And just like that, I'm excited for the 2010-2011 Jazz season.

Well done, Mr. O'Connor.

09 July 2010

LeBron-O-Mania: The Backlash

After watching LeBron announce he would be signing with Miami last night, I figured Cavs fans would be pretty upset with this decision. Because, you know, it's Cleveland. And their economy is (was) based on LeBron James.

What I did not expect:

1. Cavs fans absolutely frothing at the mouth over LeBron's leaving and

2. Fans from other teams getting very, very upset.

I've read rant after rant about why people are mad, and I think I can organize these rants into five categories.

1. People who feel LeBron betrayed the Cavs.

2. Those who feel LeBron exhibited extreme narcissism in the way he made the announcement.

3. Kobe/Laker fans who fear the Heat now and try to mask their fear by tearing LeBron down and claiming Kobe is clearly the best player in the NBA today.

4. The Heat Triumvirate will never work because look at the Lakers in 2004!

5. LeBron chokes in the playoffs and needs Wade to carry him to a ring. LeBron will clearly be Wade's lackey now.

Obviously there is overlap among the categories, but these are the main elements I see.

And I simply do not agree with any of them.

For starters: loyalty. This is a big one. From the latest Bill Simmons mailbag:
This is a drunk email but I've never felt this betrayed. The deepest circle of hell is reserved for those who betray and LeBron earned his spot.
There are many, many other e-mails that express the idea of betrayal, but this one does it best, I think. To these people I ask, "What did LeBron owe you, exactly?" He single-handedly resurrected your franchise when you drafted him back in 2003. He brought the Cavs out of 17-win seasons into the playoffs, then the Finals, with multiple 50- and 60-win seasons in the books. He averaged 27 points, 7 rebounds and 7 assists over those seven seasons, while shooting good percentages that improved every year. He carried teams that would have won 30 games without him.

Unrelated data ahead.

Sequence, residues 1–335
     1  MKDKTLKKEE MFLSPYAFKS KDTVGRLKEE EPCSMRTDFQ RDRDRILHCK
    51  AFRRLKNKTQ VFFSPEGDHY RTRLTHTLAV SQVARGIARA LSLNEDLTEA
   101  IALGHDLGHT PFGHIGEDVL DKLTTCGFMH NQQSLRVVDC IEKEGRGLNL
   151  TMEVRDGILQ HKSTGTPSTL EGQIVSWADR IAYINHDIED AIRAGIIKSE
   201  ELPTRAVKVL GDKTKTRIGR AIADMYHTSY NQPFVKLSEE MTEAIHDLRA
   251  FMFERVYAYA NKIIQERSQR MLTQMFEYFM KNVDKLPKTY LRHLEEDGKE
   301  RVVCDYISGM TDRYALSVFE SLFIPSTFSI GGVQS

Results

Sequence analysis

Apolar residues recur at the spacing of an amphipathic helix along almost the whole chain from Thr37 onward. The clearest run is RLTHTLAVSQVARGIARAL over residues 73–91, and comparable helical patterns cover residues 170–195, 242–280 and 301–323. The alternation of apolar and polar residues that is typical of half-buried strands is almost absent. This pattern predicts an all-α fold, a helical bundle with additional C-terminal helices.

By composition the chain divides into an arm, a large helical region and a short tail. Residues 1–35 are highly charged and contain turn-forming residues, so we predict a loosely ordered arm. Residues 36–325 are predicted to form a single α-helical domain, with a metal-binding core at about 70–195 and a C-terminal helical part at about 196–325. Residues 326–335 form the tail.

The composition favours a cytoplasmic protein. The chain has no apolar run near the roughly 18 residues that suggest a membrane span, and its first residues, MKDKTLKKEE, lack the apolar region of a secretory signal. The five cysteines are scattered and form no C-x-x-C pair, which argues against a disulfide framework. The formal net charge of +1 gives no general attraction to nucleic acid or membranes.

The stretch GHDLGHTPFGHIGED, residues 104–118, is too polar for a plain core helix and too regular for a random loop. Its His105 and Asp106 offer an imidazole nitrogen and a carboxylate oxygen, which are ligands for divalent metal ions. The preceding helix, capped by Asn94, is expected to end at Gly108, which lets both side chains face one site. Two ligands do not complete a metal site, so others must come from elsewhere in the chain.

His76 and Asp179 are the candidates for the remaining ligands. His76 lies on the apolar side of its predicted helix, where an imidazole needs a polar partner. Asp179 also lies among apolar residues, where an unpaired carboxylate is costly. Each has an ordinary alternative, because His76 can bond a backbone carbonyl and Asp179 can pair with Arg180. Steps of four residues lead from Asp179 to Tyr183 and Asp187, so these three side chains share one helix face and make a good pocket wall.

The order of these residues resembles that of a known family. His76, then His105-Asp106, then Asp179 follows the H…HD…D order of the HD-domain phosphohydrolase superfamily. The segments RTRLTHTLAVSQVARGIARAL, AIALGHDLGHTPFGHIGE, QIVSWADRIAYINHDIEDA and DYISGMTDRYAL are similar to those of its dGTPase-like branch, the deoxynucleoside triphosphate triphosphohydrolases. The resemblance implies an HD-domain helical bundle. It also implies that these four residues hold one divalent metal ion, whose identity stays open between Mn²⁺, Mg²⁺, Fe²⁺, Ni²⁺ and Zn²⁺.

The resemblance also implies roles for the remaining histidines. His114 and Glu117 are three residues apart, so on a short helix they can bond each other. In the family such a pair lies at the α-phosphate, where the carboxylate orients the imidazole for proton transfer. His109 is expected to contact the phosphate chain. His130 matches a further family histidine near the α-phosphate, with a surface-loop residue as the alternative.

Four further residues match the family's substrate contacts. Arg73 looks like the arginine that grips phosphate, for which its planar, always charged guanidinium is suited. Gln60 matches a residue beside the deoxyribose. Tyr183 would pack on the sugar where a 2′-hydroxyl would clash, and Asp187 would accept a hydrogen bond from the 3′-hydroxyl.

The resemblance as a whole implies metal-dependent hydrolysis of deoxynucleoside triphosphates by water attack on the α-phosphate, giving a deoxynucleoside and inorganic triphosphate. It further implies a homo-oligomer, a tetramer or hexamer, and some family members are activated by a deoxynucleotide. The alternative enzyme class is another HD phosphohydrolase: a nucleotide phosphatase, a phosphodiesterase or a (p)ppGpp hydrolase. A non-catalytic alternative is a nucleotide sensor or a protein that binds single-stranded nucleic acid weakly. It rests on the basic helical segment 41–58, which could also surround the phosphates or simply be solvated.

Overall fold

And he did all this without a single All-Star as a teammate. Every year, Cleveland management were completely unable to find him his Pippen, his Gasol, his Ray Allen. No one in the history of the NBA has won a championship on their own, and LeBron saw the writing on the wall. How patient did you expect him to be? Did you want him to stay with the Cavs for 10, 11, 12 years? At what point would you condone him leaving to chase a ring, like the Karl Malones and Gary Paytons of the league? Is that the legacy you expected him to want? A decade or more of playing with terrible teammates in Cleveland and then grasping onto a Kevin Durant-led franchise when he's 35 for the chance at a title?

For whatever reason, whether it be bad teammates, poor management or sheer failure seeping from the pores of Cleveland, LeBron was not going to get a good shot at winning a championship in Cleveland, and he knew that.

A Simmons reader made this good point:
Think about it, [LeBron] never went to college and has been looked upon as a franchise savior since before he was drafted; now he can live in one of most fun cities in America and play ball with two of his best buddies in the league, and he doesn't have to carry the franchise every night.
I think this has a lot of truth in it. Can you imagine being tasked with saving basketball in your hometown at the age of 18? And then spending the next 7 years giving everything you had to make that happen, only to fail again and again and again? I don't think LeBron has the temperament of a Jordan or Bird; he wants to win, but he doesn't want the weight of an entire franchise on his shoulders forever.